The cockpits in both boats are huge, MissUnderstood’s is 2.70 metres long from the companionway bulkhead to the transom. To maximize the waterline sailing length I extended the hull in the form of a boarding platform out between the rudders effectively making the hull the same length in-line with the back edge of the rudders. Both boats are fitted with twin rudders as is standard for my designs with Mick choosing twin tillers while mine has a single tiller with cables and a tie bar. This is currently being modified with the cassetted swing-up rudders being replaced with shaft rudders which will swing up as per open 40’s & 60’s so that I can fill in the stern cut-outs currently necessary for the blades set up in the cassettes. Mick has fitted the gudgeons off-set on the side of the rudder boxes rather than on the front. My reasoning being to enable his vertical lifting blades to have lead in front of the pivot points, balancing them up. This has been done on other designs and works well.
With the rigs, as previously mentioned, Mick had an existing skiff rig with carbon mast set up as is now common with no backstays as per the 16 and 18 footers. The original mainsail was cut down with a maxi fat top head. We managed to get pretty close to the original design concept and that of the Spider 550. With MissUnderstood again I went in the opposite direction. I needed a short but efficient rig to get the centre of effort as low as possible to accommodate the lack of bulb. Having developed a rig for my trimaran I was impressed with its efficiency so went that way. Mine was an aluminium wing mast out of a Tornado set up to rotate with no proper spreaders and a single set of diamonds. The mainsail is basically rectangular with little topmast and no backstays. The mainsail luff measurement is about a metre less than Fuzzy Logic’s. As I wanted to be able to sail mine single handed, I decided on a self-tacking headsail but to ensure I had a similar sail area required some lateral thinking. MissUnderstood is set up with two headsails. The no.2 is set at the stem whilst the no.1 the forestay is moved out approximately 500mm on to the bow sprit. This has to be done on the beach but is quick and easy and both headsails remain self-tacking. As I’m maturing with age and am not quite as mobile as I once was, I have gone with a furling code zero which is truly a wonderous thing. I have a gennaker for those light air runs but seldom use it.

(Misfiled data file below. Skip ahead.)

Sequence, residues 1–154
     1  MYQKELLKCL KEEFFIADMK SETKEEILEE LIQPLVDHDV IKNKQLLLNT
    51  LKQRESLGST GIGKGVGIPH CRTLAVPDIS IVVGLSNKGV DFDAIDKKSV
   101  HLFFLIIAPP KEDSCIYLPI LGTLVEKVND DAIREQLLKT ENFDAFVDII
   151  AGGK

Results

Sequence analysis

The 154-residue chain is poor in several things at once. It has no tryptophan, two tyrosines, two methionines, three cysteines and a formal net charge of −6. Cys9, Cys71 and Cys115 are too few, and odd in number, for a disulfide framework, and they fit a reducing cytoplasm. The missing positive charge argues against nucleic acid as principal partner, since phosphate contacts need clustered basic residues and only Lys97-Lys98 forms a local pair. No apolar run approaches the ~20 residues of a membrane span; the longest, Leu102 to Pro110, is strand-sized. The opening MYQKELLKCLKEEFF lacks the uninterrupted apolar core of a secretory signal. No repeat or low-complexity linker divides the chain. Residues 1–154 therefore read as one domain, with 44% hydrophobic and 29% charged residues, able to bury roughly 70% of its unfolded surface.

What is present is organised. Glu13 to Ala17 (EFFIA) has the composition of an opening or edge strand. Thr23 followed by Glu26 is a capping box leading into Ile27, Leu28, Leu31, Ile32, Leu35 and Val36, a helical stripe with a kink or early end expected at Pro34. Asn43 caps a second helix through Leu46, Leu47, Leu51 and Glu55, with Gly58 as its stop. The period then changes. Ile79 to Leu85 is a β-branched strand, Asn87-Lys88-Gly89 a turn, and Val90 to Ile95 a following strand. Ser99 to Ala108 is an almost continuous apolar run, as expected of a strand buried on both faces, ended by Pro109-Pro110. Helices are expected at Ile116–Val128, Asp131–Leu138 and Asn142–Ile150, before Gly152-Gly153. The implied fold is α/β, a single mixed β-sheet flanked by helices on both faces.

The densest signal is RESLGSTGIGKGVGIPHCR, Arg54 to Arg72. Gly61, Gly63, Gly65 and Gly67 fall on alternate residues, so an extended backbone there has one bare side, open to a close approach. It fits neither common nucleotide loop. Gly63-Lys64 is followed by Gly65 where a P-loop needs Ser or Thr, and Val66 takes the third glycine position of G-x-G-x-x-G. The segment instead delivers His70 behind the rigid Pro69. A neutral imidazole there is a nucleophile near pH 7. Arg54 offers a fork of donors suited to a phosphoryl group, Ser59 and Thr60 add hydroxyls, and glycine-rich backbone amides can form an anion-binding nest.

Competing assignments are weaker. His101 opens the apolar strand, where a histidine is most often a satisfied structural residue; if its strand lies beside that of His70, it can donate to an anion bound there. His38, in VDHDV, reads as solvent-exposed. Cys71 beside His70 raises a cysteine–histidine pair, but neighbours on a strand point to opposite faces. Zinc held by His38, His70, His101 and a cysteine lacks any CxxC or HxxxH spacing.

When all done both Fuzzy logic and MissUnderstood were run over weigh bridges. Fuzzy is 80kgs lighter and certainly faster having cleaned up her division in her first regatta at the Magnetic island race week but MissUnderstood is still warming up and for an older bloke’s sit-in boat she performs admirably.